So, what did you do on your summer vacation?
An extraordinary extraterrestrial story popped into my inbox the other day from our resident astrochemist, Tony Remijan, here at the NRAO. He announced plaintively that a group of chemistry summer students had discovered one of the most important of Earth’s pre-biotic precursor molecules… floating out in space.
Cue raised eyebrows. “What?! Just like that?!”
“Well, no,” he explained, “They had to work wicked hard to identify it, but yeah, it was in the GBT’s public data archive waiting to be found, and baddaboom: Our understanding of the Universe is hosed. Cool, huh?”
OMG, yeah! Here’s their story:
These undergraduates, who all share a minority background like me, spent the past few months learning how to make and break molecules as a summer research experience made possible by the Virginia-North Carolina Alliance of the National Science Foundation’s Louis Stokes Alliance for Minority Participation program. They worked alongside University of Virginia graduate students and card-carrying PhD scientists, like Tony, at the UVa Chemistry lab under MacArthur Fellow “genius” Brooks Pate. (See http://www.virginia.edu/ccu/about.html for information on astrochemistry efforts at UVa.)
For every spectrum the budding astrochemists recorded from the CCU’s state-of-the-art gas-smasher apparatus, a hunt for that spectrum in our Green Bank Telescope’s (GBT) public data archive commenced. (Yes, that’s public data, data you can use for your own research.)
During one of their experiments, they took ammonia and methyl cyanide and blasted them apart in a closed chamber to make them recombine and possibly for new molecules. (It’s like dismantling two perfectly good Lego houses and using those Lego bricks to build new structures – in the dark.)
To figure out the new compounds they had made, the students charted the radio waves coming from the gas chamber. These waves carried the signature wiggles and jiggles of the new compounds, the fingerprints of the mystery molecules inside, as a spectrum of colors. The students learned from their mentors how to identify the common chemical fingerprints in their own spectra. Hooray!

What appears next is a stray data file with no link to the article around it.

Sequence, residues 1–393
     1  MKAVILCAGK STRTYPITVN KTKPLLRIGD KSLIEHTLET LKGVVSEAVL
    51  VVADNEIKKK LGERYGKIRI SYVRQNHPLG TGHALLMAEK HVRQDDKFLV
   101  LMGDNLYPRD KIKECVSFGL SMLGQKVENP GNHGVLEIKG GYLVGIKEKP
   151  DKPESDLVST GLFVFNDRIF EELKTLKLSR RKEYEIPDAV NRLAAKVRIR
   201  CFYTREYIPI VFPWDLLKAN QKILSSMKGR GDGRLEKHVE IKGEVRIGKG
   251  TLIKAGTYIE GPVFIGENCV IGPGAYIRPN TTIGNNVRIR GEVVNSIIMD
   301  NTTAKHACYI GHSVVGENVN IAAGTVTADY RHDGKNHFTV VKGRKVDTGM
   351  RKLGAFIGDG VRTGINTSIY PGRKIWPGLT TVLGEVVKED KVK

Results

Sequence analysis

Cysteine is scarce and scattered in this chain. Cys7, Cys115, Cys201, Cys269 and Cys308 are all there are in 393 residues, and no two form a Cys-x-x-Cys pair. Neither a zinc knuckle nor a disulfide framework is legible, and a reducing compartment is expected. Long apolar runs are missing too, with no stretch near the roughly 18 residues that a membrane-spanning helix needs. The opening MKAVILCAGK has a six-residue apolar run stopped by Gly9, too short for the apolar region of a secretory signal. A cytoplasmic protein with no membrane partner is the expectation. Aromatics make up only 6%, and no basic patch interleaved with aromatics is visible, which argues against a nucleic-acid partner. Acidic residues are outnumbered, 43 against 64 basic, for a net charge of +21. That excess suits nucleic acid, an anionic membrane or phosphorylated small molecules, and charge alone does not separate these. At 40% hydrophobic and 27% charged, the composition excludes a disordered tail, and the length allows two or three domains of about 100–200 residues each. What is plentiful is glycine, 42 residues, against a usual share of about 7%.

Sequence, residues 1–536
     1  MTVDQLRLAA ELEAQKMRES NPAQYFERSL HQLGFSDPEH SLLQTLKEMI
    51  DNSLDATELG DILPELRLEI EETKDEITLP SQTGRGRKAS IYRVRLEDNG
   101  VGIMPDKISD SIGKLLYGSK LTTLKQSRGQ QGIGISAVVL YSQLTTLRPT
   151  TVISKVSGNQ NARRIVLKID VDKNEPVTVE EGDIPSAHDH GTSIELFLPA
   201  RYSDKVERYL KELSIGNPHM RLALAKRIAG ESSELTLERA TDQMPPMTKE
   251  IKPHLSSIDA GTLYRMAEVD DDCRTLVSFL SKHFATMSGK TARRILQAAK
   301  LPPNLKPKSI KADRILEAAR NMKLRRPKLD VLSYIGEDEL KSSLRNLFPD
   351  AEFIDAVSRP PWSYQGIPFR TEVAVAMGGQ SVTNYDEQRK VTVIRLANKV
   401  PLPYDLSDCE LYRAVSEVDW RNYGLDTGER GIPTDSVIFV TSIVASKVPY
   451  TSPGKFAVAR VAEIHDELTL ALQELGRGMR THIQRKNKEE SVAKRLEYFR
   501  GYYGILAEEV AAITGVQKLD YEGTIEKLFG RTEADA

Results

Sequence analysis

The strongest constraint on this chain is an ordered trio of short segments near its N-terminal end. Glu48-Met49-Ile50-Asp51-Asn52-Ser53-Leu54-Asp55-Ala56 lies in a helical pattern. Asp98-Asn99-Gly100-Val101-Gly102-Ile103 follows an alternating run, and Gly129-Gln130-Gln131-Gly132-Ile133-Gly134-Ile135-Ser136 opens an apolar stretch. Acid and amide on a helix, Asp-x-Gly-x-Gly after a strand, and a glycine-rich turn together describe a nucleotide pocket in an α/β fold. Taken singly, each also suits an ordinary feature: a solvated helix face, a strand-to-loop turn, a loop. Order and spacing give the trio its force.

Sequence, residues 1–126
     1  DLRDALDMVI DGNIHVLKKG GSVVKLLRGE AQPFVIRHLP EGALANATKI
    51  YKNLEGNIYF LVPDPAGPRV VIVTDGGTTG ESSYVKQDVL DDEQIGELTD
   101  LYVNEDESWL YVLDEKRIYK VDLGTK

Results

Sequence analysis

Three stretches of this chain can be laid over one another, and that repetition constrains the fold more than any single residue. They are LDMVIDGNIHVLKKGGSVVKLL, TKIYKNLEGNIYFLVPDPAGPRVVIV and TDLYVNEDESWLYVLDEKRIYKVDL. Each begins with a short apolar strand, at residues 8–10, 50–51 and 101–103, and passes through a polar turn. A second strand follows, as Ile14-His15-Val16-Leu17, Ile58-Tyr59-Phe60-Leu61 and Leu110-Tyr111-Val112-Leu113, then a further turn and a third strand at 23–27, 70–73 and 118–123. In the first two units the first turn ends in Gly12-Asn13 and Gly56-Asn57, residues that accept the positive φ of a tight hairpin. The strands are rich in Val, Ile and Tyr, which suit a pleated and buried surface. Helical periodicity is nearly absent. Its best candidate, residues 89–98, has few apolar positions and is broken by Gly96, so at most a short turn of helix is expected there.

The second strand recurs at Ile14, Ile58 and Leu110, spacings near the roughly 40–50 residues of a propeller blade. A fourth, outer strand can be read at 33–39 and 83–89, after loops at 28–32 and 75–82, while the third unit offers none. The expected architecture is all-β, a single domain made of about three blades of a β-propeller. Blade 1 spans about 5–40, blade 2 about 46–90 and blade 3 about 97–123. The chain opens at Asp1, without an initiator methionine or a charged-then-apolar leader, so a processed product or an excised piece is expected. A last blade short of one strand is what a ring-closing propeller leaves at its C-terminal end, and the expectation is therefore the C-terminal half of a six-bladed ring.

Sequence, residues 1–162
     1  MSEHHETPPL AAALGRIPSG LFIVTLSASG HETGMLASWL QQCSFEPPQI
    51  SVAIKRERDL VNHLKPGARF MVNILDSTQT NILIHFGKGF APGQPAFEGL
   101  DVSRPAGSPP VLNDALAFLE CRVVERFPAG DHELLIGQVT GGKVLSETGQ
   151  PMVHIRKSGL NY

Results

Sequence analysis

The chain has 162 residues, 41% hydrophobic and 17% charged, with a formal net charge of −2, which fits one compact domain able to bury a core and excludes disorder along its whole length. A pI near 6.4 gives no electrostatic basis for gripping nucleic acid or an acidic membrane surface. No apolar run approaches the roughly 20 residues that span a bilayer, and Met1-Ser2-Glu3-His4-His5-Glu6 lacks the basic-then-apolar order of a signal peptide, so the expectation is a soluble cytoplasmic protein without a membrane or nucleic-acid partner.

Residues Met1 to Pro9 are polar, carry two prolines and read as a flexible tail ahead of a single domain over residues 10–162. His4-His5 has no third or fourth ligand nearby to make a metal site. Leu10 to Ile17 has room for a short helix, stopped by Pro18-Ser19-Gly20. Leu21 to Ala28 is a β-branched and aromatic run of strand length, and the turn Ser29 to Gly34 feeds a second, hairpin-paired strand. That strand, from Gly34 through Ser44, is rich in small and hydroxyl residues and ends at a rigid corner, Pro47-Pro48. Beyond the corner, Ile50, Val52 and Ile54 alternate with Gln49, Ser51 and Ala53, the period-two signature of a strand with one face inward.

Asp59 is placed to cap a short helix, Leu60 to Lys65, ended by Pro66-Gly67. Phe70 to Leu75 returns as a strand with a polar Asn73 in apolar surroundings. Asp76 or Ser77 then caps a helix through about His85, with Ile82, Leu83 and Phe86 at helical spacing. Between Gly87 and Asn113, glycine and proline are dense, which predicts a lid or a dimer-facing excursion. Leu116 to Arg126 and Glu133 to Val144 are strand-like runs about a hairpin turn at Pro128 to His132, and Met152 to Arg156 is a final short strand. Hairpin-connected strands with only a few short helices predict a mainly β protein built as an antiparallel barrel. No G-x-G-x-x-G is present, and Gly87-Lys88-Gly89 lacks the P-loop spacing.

To experience the “astro” in astrochemistry, the students then compared their lab spectra to data taken by the GBT tuned into the same wavelengths as it observed natural radio waves coming from space. The students confirmed a number of matching fingerprints to molecules that other researchers had already found in space before them. Hooray! However, they also saw some matches that were a mystery to everyone, including the card-carrying chemists.
Baffled, the diverse team looked to published papers on spectra at these frequencies until a suspect rose through the noise: the mystery signal could be coming from –gasp — a Holy Grail of compounds, cyanomethanamine [sigh-an-oh-meth-AN-uh-meen.] (I saw your lips moving.)
Cyanomethanamine is one of a few BFF relationships between two hydrogen cyanides (HCN), the golden Lego blocks of Life. When HCN pair up multiple times, they form the most important biological compounds you could name.
Go on, you can name them, I’ll wait.…that’s right: DNA, RNA, and ATP.
In other words, with partnerships of HCN molecules, you can assemble the most critical building blocks of life on Earth.